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When Close Isn’t Good Enough

By December 9, 2015December 21st, 2016Service Drive, Think Tank

Multipoint Inspection Process Provides Crucial Data In Today’s Fixed Ops World


As featured in Fixed Ops magazine Nov/Dec 2015 edition

Data is not a terribly exciting conversation for most people, but without accurate and precise data, most business professionals are hard-pressed to make decisions based on a high degree of certainty. Data is the foundation of a complex and highly intricate model that takes base data and through transformative actions changes it into information, which in some cases morphs into knowledge and, on rare occasions, reaches the pinnacle of value — wisdom. If the core underpinning (data) of this iterative process is flawed, the results upstream can send a business in a direction that has no chance of achieving the desired results.

During my 30-year career in providing IT-based solutions for use with automotive dealerships and their corresponding OEM counterparts, I’ve learned one important lesson — when it comes to Fixed Ops data, close is not good enough.

If You Can’t Measure It, You Can’t Improve It

A dealership Fixed Ops Manager is looking for ways to increase the revenue generation of his repair facility. Growth is important to every business, and there are many possible investments that could be made to stimulate growth. When the Manager looks at his business metrics, he believes that every customer interaction is already being maximized and that the key to growth is to drive more customers to the shop.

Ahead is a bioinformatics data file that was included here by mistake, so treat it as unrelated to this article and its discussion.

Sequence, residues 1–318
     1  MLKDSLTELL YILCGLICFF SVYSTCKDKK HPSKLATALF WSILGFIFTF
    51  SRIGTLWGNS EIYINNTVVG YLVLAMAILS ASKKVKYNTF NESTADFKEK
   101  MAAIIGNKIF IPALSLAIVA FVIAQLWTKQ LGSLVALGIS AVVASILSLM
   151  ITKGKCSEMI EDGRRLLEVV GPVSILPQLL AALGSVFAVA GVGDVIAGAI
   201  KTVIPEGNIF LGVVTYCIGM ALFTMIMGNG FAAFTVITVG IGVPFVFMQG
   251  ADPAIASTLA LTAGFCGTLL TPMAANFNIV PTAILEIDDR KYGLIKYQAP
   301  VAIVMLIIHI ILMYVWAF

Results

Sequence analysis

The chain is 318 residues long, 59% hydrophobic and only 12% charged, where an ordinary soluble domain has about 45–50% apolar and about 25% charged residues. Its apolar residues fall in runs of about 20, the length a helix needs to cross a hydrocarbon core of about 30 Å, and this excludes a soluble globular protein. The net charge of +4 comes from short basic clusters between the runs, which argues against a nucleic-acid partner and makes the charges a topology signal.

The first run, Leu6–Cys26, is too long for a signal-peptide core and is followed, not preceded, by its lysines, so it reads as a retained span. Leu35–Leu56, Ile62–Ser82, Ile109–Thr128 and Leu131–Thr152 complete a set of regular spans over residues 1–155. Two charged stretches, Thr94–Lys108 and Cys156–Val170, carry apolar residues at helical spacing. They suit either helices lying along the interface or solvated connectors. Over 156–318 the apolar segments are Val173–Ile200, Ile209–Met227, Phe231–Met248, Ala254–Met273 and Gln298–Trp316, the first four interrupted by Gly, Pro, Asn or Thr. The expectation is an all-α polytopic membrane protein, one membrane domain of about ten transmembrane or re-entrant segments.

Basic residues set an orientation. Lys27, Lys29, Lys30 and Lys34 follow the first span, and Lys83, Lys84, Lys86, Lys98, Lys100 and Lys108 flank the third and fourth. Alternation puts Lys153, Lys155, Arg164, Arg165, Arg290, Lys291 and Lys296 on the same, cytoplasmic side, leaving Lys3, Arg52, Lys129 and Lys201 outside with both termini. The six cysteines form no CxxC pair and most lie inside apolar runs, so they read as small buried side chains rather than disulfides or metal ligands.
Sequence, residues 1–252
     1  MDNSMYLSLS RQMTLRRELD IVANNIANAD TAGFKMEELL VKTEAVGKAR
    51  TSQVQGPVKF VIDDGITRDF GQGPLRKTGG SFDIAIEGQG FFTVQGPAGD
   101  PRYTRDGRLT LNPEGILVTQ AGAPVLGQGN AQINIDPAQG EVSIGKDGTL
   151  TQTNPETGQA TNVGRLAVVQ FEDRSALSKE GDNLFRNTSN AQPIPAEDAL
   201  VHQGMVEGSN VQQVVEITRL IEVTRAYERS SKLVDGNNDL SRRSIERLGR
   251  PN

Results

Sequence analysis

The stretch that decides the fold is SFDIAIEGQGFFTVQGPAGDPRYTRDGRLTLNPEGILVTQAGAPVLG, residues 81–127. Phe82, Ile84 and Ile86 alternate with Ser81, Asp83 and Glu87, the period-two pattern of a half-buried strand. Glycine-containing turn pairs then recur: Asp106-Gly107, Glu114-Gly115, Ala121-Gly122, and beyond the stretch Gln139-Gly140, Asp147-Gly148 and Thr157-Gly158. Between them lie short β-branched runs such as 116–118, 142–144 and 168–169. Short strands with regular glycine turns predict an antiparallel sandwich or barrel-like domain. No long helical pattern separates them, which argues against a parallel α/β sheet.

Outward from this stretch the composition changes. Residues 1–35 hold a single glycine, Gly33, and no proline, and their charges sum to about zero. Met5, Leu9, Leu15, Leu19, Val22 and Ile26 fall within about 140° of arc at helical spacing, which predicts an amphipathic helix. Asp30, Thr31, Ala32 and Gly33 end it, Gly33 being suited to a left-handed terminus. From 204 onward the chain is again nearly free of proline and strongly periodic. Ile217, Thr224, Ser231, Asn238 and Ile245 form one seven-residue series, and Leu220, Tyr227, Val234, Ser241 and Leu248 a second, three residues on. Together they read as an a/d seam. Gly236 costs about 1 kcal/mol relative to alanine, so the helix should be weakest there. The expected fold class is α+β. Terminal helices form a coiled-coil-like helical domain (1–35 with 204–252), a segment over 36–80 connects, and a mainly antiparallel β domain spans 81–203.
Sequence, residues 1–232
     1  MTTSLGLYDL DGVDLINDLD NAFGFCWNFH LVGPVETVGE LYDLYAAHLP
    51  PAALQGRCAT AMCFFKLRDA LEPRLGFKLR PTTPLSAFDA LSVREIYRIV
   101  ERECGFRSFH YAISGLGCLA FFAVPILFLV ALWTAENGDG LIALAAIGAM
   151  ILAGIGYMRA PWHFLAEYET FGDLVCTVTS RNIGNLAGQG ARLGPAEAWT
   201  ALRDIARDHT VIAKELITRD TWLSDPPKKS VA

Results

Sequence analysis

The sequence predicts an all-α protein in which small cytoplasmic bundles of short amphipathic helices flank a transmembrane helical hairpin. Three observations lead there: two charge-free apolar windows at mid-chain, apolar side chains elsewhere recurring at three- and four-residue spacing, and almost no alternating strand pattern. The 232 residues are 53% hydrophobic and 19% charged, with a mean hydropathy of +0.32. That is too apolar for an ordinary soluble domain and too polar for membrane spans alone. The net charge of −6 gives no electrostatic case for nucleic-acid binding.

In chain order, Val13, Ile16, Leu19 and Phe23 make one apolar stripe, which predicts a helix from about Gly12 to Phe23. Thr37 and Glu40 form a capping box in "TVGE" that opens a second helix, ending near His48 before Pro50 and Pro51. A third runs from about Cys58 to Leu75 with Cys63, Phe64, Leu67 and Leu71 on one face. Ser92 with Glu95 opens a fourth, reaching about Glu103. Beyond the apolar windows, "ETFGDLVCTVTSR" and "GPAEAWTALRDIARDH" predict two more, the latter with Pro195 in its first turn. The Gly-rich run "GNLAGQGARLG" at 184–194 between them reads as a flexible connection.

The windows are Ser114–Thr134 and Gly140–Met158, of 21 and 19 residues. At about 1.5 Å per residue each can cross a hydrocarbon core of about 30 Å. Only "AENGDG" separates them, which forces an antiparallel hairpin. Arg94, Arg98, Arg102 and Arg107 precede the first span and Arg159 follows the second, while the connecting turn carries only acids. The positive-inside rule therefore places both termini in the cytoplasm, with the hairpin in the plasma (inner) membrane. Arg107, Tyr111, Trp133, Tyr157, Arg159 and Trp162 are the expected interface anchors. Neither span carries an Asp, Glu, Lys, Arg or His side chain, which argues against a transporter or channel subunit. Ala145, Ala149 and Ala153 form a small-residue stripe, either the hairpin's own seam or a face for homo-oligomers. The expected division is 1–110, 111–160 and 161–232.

Unfortunately, the Manager has no way to truly evaluate what is occurring with each customer interaction, but only a best guess when it comes to which clients’ vehicles are being inspected for additional repair opportunities. The Manager has even less visibility of what is being presented to which clients and who is or is not purchasing. Every good Manager has a sense for what is or is not working in their business, but with no true performance data to back up these senses, for many it’s just guesswork.

Inspection-based Selling That’s Measurable

When a dealership has no precise way of measuring and monitoring inspection results and is asked, “What percentage of your customers’ vehicles receive a multipoint inspection (MPI) and how often are the results shared with the client?” it’s likely to get a stock response. That would be something like, “Every vehicle that rolls through my shop receives an inspection and I am confident the results are always delivered to the customer for consideration.”

Yet data shows us that the best-performing dealers operate at a level of approximately 50 to 60 percent inspection rates, and yes, nearly all of those are presented to a customer. But the normal range for many dealerships is 13 to 24 percent receiving an inspection and less than 50 percent of the results ever being shared with the customer. In these cases, before the Fixed Operations Director embarks on a costly advertising campaign to drive more business into the Service lane, wouldn’t it be prudent to increase vehicle inspections and sharing those inspection reports with customers who have already opted to have their vehicle serviced at the dealership?


Understanding the Full Picture

In another scenario, a dealership staff does a very good job of performing vehicle inspections, and presenting inspection results to the customer. The dealership’s topselling Service Advisor (in terms of dollars per RO) runs at a 50 percent increase rate over his nearest peer. The Fixed Ops Manager is thrilled with this employee’s result.